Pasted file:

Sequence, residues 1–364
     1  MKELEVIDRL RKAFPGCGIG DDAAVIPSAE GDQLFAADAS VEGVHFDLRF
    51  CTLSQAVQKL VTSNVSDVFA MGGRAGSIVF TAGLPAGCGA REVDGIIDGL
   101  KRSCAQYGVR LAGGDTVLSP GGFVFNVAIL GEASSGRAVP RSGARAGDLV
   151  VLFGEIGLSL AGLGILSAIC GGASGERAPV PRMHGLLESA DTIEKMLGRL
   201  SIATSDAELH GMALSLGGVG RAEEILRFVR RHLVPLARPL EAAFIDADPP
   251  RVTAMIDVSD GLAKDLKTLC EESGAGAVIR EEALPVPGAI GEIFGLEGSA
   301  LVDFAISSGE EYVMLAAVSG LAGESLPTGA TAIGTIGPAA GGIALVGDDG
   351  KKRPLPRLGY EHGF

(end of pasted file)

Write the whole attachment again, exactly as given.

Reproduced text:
Sequence, residues 1–364
     1  MKELEVIDRL RKAFPGCGIG DDAAVIPSAE GDQLFAADAS VEGVHFDLRF
    51  CTLSQAVQKL VTSNVSDVFA MGGRAGSIVF TAGLPAGCGA REVDGIIDGL
   101  KRSCAQYGVR LAGGDTVLSP GGFVFNVAIL GEASSGRAVP RSGARAGDLV
   151  VLFGEIGLSL AGLGILSAIC GGASGERAPV PRMHGLLESA DTIEKMLGRL
   201  SIATSDAELH GMALSLGGVG RAEEILRFVR RHLVPLARPL EAAFIDADPP
   251  RVTAMIDVSD GLAKDLKTLC EESGAGAVIR EEALPVPGAI GEIFGLEGSA
   301  LVDFAISSGE EYVMLAAVSG LAGESLPTGA TAIGTIGPAA GGIALVGDDG
   351  KKRPLPRLGY EHGF